Jump to content




Welcome to Unexplained Mysteries! Please sign in or create an account to start posting and to access a host of extra features.


- - - - -

When do you think we wil set foot on mars?


  • Please log in to reply
17 replies to this topic

#1    spikeman25

spikeman25

    Extraterrestrial Entity

  • Member
  • PipPipPip
  • 479 posts
  • Joined:31 Jan 2007
  • Gender:Male
  • Location:godfrey, Illinois

Posted 22 July 2007 - 05:58 AM

I've got a strong feeling it won't be in my lifetime.


#2    oldie

oldie

    Ectoplasmic Residue

  • Member
  • Pip
  • 176 posts
  • Joined:26 Feb 2006

Posted 22 July 2007 - 06:55 AM

Probably not in the distant future. I would say fifty years.



#3    spikeman25

spikeman25

    Extraterrestrial Entity

  • Member
  • PipPipPip
  • 479 posts
  • Joined:31 Jan 2007
  • Gender:Male
  • Location:godfrey, Illinois

Posted 22 July 2007 - 07:13 AM

Quote

Probably not in the distant future. I would say fifty years.
That's what i think. I'll be an old man by then.



#4    Ins0mniac

Ins0mniac

    Psychic Spy

  • Member
  • PipPipPipPipPipPipPipPip
  • 1,106 posts
  • Joined:15 Dec 2006
  • Gender:Male
  • Location:Tassie, Australia

Posted 22 July 2007 - 12:34 PM

I think it's mostly a matter of funding. If enough money was put into it by governments, I don't think the technology part would be too hard to manage.

We just need to wait until it becomes a good thing to do politically. Either that or wait for the private industry to take over. Whichever comes first.

I think it will happen within a few decades.

"In the beginning, the universe was created. This made a lot of people very angry, and has been widely regarded as a bad idea." - Douglas Adams

#5    Sgt._Love

Sgt._Love

    Extraterrestrial Entity

  • Member
  • PipPipPip
  • 393 posts
  • Joined:18 Jul 2007
  • Gender:Male
  • Location:Urbana Illinois

  • "We are not retreating - we are advancing in another Direction." (stevewinn)

Posted 22 July 2007 - 12:43 PM

in 70 years lol

"The day Soldiers stop bringing you their problems is the day you have stopped leading them. They have either lost confidence in you or concluded you do not care. Either case is a failure of leadership." (Powell, 1995)  
Cdt. Pfc. Lovekamp 3rd Squad 2nd Platoon 1st Company Fighting Illini Battalion 10th Brigade

#6    Enigma wrapped in a puzzle

Enigma wrapped in a puzzle

    Astral Projection

  • Member
  • PipPipPipPipPip
  • 709 posts
  • Joined:26 Nov 2006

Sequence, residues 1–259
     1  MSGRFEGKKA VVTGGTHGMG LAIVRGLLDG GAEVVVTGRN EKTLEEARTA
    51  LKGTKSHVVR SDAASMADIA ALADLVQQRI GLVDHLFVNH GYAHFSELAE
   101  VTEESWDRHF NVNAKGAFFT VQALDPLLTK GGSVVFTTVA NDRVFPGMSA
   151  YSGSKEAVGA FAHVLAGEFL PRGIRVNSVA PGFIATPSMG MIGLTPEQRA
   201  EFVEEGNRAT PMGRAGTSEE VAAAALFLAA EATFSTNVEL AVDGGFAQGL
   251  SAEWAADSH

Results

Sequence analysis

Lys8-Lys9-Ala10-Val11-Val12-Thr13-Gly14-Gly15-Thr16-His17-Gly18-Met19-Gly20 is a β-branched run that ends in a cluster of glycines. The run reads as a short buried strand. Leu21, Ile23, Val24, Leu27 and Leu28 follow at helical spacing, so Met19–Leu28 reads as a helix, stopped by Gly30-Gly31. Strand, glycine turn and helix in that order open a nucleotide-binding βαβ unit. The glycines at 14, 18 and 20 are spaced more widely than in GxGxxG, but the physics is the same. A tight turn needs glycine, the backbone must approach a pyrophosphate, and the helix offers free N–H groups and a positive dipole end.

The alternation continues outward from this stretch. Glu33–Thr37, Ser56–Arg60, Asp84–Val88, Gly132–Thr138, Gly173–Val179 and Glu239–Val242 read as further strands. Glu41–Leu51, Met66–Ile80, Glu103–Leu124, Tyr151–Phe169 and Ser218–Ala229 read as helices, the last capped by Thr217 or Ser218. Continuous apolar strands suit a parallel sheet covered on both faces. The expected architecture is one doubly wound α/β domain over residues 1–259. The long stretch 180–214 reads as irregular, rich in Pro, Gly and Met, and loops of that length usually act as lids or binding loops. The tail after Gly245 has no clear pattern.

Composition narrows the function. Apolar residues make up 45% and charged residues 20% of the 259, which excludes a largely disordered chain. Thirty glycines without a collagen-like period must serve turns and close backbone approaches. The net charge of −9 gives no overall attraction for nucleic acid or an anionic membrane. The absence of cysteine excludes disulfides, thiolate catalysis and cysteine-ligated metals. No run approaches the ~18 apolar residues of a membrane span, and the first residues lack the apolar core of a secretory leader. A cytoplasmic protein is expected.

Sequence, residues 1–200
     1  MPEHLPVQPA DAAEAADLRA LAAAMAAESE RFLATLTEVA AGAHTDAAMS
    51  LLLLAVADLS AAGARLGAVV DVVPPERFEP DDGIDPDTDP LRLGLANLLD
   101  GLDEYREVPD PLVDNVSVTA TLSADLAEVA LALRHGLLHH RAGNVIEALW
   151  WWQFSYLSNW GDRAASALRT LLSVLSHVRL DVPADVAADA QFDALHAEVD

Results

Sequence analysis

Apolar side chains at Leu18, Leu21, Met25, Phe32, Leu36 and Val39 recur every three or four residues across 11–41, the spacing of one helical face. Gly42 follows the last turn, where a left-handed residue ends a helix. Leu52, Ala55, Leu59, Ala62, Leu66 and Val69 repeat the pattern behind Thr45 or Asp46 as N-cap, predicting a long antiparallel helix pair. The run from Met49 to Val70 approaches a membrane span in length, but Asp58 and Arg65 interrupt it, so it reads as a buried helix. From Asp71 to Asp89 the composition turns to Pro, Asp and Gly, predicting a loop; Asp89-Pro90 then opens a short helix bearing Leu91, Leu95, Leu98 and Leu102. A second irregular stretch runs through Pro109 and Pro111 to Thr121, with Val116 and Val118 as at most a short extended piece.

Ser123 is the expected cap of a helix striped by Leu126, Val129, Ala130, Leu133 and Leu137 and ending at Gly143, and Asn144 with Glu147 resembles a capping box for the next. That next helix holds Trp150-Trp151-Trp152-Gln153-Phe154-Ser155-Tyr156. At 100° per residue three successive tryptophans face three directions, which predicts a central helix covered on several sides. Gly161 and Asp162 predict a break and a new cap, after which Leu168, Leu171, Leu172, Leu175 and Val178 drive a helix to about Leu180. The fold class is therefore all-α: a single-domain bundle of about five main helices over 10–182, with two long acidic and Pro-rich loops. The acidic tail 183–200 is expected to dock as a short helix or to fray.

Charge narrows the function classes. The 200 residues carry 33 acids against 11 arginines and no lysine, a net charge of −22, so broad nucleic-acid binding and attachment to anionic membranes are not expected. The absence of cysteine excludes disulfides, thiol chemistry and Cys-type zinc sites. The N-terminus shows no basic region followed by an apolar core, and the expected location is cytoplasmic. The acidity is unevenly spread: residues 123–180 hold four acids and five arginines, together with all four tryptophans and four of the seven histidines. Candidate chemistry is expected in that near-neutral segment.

• Gender:Male
  • Location:Everywhere and nowhere

Posted 22 July 2007 - 07:16 PM

Well I would say since we did so many "succesfull apollo missions"  then why not sooner.   We have way better technology now and if you look at what they supposadly did back in the 60's with apollo,  I would say we have a better chance of making a succesfull mission to mars today than when we went to the moon.   So I say mabee 10 to 20 years hopefully.   I bet we will have to wait and see how the next moon landing goes first......

Formerly known as Damon2000

#7    MID

MID

    Forum Divinity

  • Member
  • 14,490 posts
  • Joined:06 Aug 2005
  • Gender:Male

  • ...The greatest error is not to have tried and failed, but that in trying, we did not give it our best effort.

Posted 22 July 2007 - 07:44 PM

Quote

Well I would say since we did so many "succesfull apollo missions"  then why not sooner.   We have way better technology now and if you look at what they supposadly did back in the 60's with apollo,  I would say we have a better chance of making a succesfull mission to mars today than when we went to the moon.   So I say mabee 10 to 20 years hopefully.   I bet we will have to wait and see how the next moon landing goes first......



We didn't "supposedly" do it in the 1960s.  We actually did do it.


However, social emphases and a progressively inept congressional body have, until recently, prohibited further manned space exploration efforts in the United States.   Thanks to President Bush, we now have a mandate to return to exploration, and are in the process of developing the spacecraft and systems necessary to return us to the Moon, and to develop systems which will lead to the exploration of Mars by men in the future.